Crafty Killer Whales Are Harassing Alaskan Fishing Boats

Hungry orcas are making off with tens of thousands of pounds of cod and halibut

Orca Blowing
This adorable orca could be plotting its next heist. DeWaine Tollesfrud - Flickr/Creative Commons

Life on an Alaskan fishing boat is not easy. The Bering Sea is cold. The work is brutal. And if anything goes wrong, you are far from help. Now, fishing rigs have a new challenge to contend with: killer whales. As Suzanna Caldwell reports for the Alaska Dispatch News, pods of orcas are harassing fishing boats.

It’s a heated battle, writes Caldwell—and, she says, “the whales are winning.” More and more orcas are being spotted in the Bering Sea, and now the killer whales appear to be targeting their lines, stripping clean their hooks and stealing black cod and halibut from specific boats. They’re capable of chowing down on tens of thousands of fish at one time, Caldwell reports, and often they only leave behind the fish lips—still attached to the hook.

The problem has gotten so bad that some in the industry are appealing to the North Pacific Fishery Management Council, a regional council with jurisdiction over the federally designated Exclusive Economic Zone off Alaska, for help.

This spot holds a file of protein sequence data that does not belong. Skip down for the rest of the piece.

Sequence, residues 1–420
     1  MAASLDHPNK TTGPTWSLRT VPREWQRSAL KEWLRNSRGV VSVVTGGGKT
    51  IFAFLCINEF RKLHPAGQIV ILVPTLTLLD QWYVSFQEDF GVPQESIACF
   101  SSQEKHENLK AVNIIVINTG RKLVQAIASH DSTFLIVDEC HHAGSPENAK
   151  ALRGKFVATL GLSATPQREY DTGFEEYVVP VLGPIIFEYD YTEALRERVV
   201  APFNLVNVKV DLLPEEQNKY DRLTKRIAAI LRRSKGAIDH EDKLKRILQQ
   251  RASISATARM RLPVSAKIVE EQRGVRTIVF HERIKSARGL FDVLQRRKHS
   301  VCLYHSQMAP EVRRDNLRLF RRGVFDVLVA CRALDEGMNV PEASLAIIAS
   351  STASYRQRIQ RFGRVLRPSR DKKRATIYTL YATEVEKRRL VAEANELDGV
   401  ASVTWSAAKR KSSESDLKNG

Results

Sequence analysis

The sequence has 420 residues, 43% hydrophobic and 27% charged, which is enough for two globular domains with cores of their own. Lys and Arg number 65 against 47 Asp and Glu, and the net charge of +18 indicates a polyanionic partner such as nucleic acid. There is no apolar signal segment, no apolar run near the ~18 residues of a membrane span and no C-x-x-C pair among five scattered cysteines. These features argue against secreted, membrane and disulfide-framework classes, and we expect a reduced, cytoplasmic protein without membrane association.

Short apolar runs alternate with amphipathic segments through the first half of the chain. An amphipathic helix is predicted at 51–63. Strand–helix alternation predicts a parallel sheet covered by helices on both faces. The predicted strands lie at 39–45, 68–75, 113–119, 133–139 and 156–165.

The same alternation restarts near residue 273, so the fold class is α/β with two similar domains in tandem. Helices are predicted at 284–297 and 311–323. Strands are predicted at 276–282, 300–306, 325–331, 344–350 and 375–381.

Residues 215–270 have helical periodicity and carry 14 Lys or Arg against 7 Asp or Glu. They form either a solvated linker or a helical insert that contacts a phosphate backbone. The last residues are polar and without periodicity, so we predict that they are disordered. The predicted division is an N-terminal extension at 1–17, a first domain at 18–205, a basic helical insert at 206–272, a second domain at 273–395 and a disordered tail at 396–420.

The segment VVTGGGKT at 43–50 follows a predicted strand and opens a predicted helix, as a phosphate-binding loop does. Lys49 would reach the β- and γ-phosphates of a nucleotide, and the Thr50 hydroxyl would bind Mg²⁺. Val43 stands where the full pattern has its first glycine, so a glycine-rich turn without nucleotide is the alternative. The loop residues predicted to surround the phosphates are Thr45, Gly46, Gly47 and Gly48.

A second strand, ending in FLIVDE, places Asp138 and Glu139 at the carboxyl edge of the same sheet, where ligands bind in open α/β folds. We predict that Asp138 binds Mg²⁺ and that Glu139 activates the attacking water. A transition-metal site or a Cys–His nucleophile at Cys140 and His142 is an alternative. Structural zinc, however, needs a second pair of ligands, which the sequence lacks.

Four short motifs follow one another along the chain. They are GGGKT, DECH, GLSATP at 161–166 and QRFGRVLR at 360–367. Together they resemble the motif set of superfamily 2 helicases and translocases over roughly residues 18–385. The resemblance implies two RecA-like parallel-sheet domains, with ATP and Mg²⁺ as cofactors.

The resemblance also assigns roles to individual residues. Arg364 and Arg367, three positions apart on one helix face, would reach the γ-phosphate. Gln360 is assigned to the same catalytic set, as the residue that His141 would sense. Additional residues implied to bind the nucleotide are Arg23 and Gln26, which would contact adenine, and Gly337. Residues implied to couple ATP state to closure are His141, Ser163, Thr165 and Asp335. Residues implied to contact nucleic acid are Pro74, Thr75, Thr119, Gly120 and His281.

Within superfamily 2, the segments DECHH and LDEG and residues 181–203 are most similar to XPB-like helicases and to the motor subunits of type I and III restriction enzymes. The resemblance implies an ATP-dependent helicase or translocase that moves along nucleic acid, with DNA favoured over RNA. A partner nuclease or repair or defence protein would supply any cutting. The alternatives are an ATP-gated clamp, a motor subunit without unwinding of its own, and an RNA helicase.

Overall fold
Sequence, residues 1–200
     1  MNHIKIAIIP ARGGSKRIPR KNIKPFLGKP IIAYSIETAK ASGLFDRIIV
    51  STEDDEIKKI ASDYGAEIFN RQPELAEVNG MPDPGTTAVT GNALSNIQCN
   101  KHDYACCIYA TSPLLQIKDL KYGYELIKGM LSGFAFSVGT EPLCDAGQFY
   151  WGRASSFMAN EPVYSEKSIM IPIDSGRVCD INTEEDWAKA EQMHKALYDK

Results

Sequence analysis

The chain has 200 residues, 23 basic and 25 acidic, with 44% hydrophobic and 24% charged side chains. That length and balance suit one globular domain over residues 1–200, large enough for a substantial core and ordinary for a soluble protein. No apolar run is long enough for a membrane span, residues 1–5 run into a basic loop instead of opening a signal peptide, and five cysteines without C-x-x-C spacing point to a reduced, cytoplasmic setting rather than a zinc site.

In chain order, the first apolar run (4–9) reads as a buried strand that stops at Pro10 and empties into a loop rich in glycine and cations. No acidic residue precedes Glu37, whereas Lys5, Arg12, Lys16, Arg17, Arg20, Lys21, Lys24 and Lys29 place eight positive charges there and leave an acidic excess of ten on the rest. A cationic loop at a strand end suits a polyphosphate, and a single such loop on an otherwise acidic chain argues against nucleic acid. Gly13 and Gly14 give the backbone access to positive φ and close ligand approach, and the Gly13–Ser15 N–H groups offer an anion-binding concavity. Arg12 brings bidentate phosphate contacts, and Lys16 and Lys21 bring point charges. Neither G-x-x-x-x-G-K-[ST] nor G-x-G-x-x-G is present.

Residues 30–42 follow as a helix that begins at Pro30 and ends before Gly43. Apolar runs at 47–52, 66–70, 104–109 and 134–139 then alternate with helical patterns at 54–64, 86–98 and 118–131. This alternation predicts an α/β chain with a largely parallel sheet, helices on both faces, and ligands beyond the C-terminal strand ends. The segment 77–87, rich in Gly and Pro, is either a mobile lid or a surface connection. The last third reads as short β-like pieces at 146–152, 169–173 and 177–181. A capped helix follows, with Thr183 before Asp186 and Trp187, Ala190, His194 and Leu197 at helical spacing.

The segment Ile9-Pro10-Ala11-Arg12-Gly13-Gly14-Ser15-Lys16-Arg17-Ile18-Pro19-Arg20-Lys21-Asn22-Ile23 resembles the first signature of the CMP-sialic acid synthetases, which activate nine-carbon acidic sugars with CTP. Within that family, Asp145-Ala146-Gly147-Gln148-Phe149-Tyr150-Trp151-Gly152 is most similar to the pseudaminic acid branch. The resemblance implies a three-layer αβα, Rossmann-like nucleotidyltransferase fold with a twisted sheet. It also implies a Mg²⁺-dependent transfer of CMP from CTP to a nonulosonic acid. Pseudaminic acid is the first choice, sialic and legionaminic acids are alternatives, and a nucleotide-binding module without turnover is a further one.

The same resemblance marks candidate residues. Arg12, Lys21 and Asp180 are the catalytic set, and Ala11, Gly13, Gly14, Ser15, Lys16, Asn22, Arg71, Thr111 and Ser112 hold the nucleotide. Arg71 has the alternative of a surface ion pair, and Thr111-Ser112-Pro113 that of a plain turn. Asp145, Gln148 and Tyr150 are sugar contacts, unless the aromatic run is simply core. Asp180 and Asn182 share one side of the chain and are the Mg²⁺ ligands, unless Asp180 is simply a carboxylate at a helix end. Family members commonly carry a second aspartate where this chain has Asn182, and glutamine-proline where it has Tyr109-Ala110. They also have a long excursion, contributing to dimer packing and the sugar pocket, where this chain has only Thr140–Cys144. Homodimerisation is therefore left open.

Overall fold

Alaskan fishing boats use longlines to snare fish. As their name implies, they’re fishing lines—sometimes miles long—anchored to boats. In the case of both cod and halibut fishing, they’re set on or near the bottom. Hundreds of anchored hooks make them dangerous places for fish, and boats use tech like sonar and GPS to ensure an even more efficient catch.

Orcas have long known how to use those fish-filled lines as a smorgasbord. In 2014, researchers estimated that thieving orcas can steal up to 69 percent of a boat’s fish, impacting nearly seven percent of Alaska’s Pacific halibut catch and costing hundreds of dollars of lost time per day.

As the Seattle Times’ Hal Bernton reported in 2015, the conniving whales have convinced many fishing operations that it’s time to abandon longlines for baited steel traps like the ones used to catch crabs. Bernton reports that the orcas and other whales hear fishing boats’ propellers and know it’s snack time.

There’s another reason to ditch longlines: the environment. As William K. Stevens reports for the New York Times, the cutting-edge technology that’s been added to the age-old technique is so efficient that they can quickly deplete species, and they’ve been linked to the deaths of sea birds like albatross.

The orcas aren’t exactly environmental warriors—rather, they’re savvy, social animals with a big appetite. But if they keep bugging Alaska’s fishing business, they could inadvertently make this age-old fishing technique obsolete.